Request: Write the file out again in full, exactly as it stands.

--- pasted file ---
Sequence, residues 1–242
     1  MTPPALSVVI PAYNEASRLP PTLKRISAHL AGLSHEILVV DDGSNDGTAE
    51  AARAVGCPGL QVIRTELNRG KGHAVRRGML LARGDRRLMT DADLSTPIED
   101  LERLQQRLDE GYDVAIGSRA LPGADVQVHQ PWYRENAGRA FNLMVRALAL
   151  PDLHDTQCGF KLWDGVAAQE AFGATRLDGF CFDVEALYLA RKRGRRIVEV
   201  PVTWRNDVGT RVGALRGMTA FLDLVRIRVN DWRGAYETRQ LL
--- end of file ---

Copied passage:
Sequence, residues 1–242
     1  MTPPALSVVI PAYNEASRLP PTLKRISAHL AGLSHEILVV DDGSNDGTAE
    51  AARAVGCPGL QVIRTELNRG KGHAVRRGML LARGDRRLMT DADLSTPIED
   101  LERLQQRLDE GYDVAIGSRA LPGADVQVHQ PWYRENAGRA FNLMVRALAL
   151  PDLHDTQCGF KLWDGVAAQE AFGATRLDGF CFDVEALYLA RKRGRRIVEV
   201  PVTWRNDVGT RVGALRGMTA FLDLVRIRVN DWRGAYETRQ LL